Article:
The world’s oldest surviving basketball court can be found in the basement of a building in the city’s 9th arrondissement. But how did Paris come to be one of the earliest homes of a sport invented in America? To find the answer, we need to push open the doors of a YMCA hostel on the Rue Trévise.
The recent Journées du Patrimoine (heritage days) event gave me the opportunity to discover a little-known location - and a Paris claim to fame that few people are aware of. Yes, the oldest (surviving) basketball court in the world really is in Paris, but it is just one part of a unique building in the city.
At the origin of this building - and of the sport of basketball - is the YMCA, an international christian organisation that originated in the UK. From its origins, the organisation placed an emphasis on the development of three elements; a healthy “body, mind, and spirit.” This trio is still represented today by the triangle in the organisation's logo.
Following these principles, any YMCA construction would necessarilly place an importance on facilities for sport and exercise, and their first Paris building would be no exception. In this building, which dates from 1892, the entire basement level is given over to such facilities.
The architect of this YMCA hostel was Emile Bénard*, described in most descriptions of this centre as 'a student of Gustave Eiffel'. Although biographical information on Bénard is scarce, there seems to be little to actually link the two men. Nevertheless, the building clearly made much use of iron, with this being particularly visible in the gymnasium. There are even two large supporting iron pillars in the centre of the court!
Whatever Bénard had in mind when he designed the gymnasium, it certainly wasn't basketball. He was though very much influenced - or guided - by American initiatives. The hostel was partially financed by Americans, and followed designs of existing centres on the other side of the Atlantic. Indeed, it is the links to one such centre - Springfield College in Massachusetts - that created today's curiosity.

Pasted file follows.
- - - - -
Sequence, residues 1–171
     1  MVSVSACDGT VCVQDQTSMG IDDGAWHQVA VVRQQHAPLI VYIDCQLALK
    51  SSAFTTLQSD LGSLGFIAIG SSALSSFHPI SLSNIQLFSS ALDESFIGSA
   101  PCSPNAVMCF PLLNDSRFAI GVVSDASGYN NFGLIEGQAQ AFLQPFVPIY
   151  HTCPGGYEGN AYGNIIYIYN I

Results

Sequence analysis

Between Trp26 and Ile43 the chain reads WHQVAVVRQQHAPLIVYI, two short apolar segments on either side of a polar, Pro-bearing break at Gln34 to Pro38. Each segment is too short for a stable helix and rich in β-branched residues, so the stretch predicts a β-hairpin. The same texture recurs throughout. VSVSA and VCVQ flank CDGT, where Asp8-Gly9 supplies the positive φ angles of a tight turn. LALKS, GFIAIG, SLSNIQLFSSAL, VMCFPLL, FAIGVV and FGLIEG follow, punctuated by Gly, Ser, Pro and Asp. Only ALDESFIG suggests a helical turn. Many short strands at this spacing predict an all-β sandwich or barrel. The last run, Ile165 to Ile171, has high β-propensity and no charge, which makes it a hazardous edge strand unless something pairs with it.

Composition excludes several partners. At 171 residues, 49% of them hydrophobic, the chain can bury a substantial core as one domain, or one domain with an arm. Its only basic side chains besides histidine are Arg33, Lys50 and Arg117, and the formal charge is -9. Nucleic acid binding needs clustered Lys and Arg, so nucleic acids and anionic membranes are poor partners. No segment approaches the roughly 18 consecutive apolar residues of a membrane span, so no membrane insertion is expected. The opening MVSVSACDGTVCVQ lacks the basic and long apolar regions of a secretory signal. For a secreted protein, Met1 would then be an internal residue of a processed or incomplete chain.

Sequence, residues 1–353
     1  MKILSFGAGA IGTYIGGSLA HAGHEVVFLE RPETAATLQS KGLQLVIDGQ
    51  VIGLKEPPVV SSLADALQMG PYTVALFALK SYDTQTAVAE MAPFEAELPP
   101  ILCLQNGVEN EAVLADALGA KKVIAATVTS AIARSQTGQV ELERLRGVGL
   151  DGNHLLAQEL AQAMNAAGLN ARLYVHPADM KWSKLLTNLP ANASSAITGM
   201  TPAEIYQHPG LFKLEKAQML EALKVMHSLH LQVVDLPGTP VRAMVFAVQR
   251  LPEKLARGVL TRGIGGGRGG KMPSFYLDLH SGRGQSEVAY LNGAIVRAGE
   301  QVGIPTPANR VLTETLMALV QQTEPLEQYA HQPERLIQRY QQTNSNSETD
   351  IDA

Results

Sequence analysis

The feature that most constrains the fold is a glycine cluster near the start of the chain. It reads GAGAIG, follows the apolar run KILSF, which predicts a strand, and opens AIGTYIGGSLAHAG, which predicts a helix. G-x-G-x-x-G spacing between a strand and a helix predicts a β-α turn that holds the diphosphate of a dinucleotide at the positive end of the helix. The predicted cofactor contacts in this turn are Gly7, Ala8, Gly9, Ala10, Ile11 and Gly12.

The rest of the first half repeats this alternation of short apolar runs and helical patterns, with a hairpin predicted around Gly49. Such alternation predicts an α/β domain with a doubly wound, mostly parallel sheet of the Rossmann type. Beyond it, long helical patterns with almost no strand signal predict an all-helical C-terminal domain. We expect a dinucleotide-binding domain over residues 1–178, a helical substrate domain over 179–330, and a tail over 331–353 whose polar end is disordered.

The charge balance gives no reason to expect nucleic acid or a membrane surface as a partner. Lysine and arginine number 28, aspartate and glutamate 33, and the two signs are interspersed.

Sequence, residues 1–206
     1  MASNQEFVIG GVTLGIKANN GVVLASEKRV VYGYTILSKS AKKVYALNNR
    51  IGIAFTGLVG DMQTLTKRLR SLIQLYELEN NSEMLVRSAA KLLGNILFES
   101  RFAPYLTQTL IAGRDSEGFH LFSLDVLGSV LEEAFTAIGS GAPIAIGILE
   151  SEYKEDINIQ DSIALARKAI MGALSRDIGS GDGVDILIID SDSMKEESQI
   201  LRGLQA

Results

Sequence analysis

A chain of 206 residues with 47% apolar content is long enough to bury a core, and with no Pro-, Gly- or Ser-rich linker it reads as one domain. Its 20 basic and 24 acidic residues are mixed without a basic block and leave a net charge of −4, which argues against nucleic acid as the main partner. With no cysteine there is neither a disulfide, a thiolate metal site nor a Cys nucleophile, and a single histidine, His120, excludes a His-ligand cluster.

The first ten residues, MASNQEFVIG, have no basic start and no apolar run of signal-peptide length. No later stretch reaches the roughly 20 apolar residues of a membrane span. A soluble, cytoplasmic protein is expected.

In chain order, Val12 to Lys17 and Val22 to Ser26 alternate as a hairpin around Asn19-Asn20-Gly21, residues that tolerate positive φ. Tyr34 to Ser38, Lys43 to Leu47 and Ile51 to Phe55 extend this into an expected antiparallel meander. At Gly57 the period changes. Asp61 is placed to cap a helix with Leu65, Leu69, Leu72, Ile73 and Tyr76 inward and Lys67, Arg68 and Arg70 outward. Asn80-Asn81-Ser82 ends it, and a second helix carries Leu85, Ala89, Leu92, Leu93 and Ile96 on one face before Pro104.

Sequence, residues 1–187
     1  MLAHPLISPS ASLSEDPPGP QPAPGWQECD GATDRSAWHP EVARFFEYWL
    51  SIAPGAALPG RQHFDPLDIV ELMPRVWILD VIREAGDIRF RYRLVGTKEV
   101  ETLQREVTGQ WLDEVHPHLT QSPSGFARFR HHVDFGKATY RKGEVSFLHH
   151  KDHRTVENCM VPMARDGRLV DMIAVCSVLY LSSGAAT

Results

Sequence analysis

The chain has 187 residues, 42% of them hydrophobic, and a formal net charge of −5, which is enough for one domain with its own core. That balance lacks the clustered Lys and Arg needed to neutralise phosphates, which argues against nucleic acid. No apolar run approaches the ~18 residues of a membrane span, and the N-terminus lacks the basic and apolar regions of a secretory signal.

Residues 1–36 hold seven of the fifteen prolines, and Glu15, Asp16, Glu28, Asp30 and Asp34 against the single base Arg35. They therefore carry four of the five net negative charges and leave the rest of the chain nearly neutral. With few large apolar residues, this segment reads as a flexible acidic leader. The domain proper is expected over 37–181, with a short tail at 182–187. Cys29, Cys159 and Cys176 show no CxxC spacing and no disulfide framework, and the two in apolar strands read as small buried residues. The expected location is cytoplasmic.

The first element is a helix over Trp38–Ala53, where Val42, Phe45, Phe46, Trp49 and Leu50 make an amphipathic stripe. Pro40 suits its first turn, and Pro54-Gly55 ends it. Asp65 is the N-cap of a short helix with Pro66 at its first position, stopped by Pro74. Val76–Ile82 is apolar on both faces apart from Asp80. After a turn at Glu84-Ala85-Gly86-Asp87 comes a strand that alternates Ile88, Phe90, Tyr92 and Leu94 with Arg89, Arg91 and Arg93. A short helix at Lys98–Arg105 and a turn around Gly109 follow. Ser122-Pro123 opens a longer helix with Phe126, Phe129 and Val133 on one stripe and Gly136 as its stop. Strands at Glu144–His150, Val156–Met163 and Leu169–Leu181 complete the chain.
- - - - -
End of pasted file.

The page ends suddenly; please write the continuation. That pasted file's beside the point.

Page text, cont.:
Basketball was invented in 1891 at this college, just a year before the Paris campus opened. It was an instant success within the organisation, with the rules being quickly published in its newsletter. A sports teacher from the American college, Melvin Rideout, was sent to the new Paris hostel to help set up the facilities and train French staff, and it was Rideout who brought across the new game with him.
In reality he only needed a football (a specific ball for the sport wasn't introduced until much later) and some fruit baskets. The gymnasium - aparently modelled on the Springfield facility - was ideal for the sport with its overhanging balconies providing a perfect support. Rideout needed simply to attach the baskets to the railings at either end. The first recorded match on European soil took place at this spot in Paris on December 27 1893.
The Rue de Trévise court therefore was not the first basketball court in the world, but it is today the oldest one still surviving. The original court at Springfield College was destroyed by a fire, although it is not said when this actually occured.
Besides this basketball court, the hostel has several other interesting features. Staying within the gymnasium, the mezzanine balcony level was actually designed as a cycling track and still retains its wooden parquet slope.
The basement of the building also contains a bowling
alley and a swimming pool - the first indoor pool ever to be built in
France - although both were off limits during the heritage days event.
Indeed, the swimming pool is apparently in a sad state and (permenantly) out of use.
Over the remaining four floors there are of course a number of bedrooms - open to young men year round, and to all young people over the summer months. Other facilities include meditation spaces, a library, classrooms, and a restaurant that originally served a thousand meals a day.
In addition, the building is home to a theatre which is today leased to an external group producing mostly comedy shows and stand-up
performances. The theatre (Theatre Trévise) is probably now the best known element of the whole construction, but surely few visitors attending shows imagine that the oldest basketball court in the world sits just alongside.
The court - which is not up to current standards and can no longer host official matches - is still in use, with games organised every Saturday for guests at the hostel. Visits for people not staying at the YMCA are not easy to organise, but it is possible to rent the space for private events.
The gymnasium really is worth a visit. It breathes history - as well as giving off a faint odour of dampness and dust. The Hungarian point parquet flooring is wonderfully preserved, and incredibly springy - probably because it was layed down directly on a sand bed. The iron railings give the place an institutional feel, and there is a weird and wonderful collection of ropes and wooden ladders and bars. For the pleasure of the young (and the young at heart), all of these were made available during the heritage days event!
14 Rue Trévise, 75009